QUNO was present throughout the entire COP26 in Glasgow, focusing on climate justice concerns, and strengthening ambitious, effective and fair international climate efforts. Please see ‘read more’ for an overview of QUNO work and links to presentations, publications and statements, and an analysis of the COP26, ‘Two steps forward, one step back’, by Representative for Climate Change, Lindsey Fielder Cook.
QUNO’s intensive work at COP26 in Glasgow started many months ago and included five quiet diplomacy meetings with climate negotiators, extensive presentations to Quaker, inter-faith and other grassroots communities, publications to empower government policy makers, climate advocates, and citizens (also in French and Spanish), and support to sister Quaker organizations attending the COP. Lindsey Fielder Cook, Representative for Climate Change, and Andres Naranjo, Programme Assistant for Climate Change and Sustainability, were present for the entire COP, including Lindsey (arriving early to participate in pre-COP UN meetings), and Joachim Monkelbaan, Representative for Sustainable and Just Economic Systems, for the first week. QUNO prioritizes climate justice efforts, including urgent and fair transformation of activities driving climate change, inclusion of human rights language and robust and fair guidelines to implement the Paris Agreement, sufficient finance for Loss and Damage, and social justice in linkages between trade and climate change. During the COP, Lindsey helped oversee an interfaith Talanoa Dialogue in which Paul Parker, Recording Clerk for Britain Yearly Meeting (BYM), spoke, with the ensuing statement presented to the UNFCCC Executive Secretariat. Lindsey also spoke at the opening Event of the Geneva Peace Platform, at Glasgow Meeting House with BYM colleague Livvy Hanks, on a Chatham House event on peace, conflict and climate change, on human rights and climate change at the People’s Summit, and with Andres' help coordinated a QUNO, QEW, FWCC, QPSW, and Act Alliance side event titled, A moral call to conscience – fair share in finance for people affected by loss and damage.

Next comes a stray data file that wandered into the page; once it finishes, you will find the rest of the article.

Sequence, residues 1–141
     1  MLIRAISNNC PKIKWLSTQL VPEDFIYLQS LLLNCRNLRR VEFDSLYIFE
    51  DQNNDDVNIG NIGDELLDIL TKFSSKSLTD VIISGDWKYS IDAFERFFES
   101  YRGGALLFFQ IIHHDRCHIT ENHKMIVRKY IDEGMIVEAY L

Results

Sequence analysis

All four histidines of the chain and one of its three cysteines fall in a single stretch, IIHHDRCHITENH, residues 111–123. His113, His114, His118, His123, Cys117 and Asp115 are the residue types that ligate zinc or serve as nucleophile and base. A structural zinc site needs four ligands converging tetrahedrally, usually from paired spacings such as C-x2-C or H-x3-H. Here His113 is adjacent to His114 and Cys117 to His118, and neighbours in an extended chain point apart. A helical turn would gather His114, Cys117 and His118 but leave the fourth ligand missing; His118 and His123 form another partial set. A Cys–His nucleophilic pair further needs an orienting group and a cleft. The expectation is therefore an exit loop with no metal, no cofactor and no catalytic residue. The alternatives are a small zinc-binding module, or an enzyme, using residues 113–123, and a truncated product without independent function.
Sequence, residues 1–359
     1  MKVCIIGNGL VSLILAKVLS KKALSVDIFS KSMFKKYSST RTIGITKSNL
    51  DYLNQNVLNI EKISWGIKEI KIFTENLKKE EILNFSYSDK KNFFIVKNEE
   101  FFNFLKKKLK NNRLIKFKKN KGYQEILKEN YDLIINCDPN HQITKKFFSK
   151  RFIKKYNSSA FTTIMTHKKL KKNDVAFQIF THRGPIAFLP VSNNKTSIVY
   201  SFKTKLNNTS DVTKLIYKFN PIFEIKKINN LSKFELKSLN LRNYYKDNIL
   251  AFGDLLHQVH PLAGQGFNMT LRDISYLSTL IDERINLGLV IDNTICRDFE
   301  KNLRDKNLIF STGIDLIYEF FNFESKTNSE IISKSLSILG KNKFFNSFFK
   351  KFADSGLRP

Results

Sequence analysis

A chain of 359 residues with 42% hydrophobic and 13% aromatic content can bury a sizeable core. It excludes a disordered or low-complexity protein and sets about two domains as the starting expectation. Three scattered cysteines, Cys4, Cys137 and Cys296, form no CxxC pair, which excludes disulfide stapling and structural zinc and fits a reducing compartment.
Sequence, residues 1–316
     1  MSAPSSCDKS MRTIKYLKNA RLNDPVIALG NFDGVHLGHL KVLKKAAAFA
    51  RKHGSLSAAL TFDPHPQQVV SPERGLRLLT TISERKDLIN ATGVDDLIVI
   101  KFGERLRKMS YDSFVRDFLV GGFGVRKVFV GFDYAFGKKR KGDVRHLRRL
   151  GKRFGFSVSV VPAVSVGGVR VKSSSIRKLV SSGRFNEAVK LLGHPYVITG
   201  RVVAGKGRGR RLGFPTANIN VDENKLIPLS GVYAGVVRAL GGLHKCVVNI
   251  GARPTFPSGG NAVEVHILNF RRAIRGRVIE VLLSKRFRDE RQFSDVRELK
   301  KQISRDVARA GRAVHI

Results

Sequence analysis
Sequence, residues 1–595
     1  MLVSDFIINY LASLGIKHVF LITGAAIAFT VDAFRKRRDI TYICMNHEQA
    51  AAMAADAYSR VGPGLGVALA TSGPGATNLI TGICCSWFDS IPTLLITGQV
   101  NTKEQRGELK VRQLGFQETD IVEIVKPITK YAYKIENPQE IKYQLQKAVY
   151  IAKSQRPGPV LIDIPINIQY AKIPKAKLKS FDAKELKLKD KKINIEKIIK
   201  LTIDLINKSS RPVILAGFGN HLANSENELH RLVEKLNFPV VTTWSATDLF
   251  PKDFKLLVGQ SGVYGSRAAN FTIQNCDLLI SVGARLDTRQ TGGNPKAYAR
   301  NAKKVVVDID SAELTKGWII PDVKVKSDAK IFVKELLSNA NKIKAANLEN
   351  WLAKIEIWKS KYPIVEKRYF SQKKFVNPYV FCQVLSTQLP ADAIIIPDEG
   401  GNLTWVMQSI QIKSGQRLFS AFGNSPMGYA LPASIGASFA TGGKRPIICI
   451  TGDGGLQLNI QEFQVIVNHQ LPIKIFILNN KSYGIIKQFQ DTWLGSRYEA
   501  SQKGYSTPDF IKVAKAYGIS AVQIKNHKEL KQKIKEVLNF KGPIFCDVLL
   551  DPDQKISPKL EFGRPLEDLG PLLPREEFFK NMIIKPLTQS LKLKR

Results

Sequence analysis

The COP26 began chaotically with serious concerns over equitable access, including participation from poorer countries and observer access to negotiation rooms. Thankfully, civil society voices on the streets of Glasgow rallied powerfully for climate justice, while efforts from the climate vulnerable and other committed countries, grave findings from the latest climate science, and some improvements in geo-political relations all helped to bring unexpected positive advancements to this international framework for action, while revealing clearly how much more needs to be done by those responsible, to healthily transform human activities driving climate change and related environmental crises.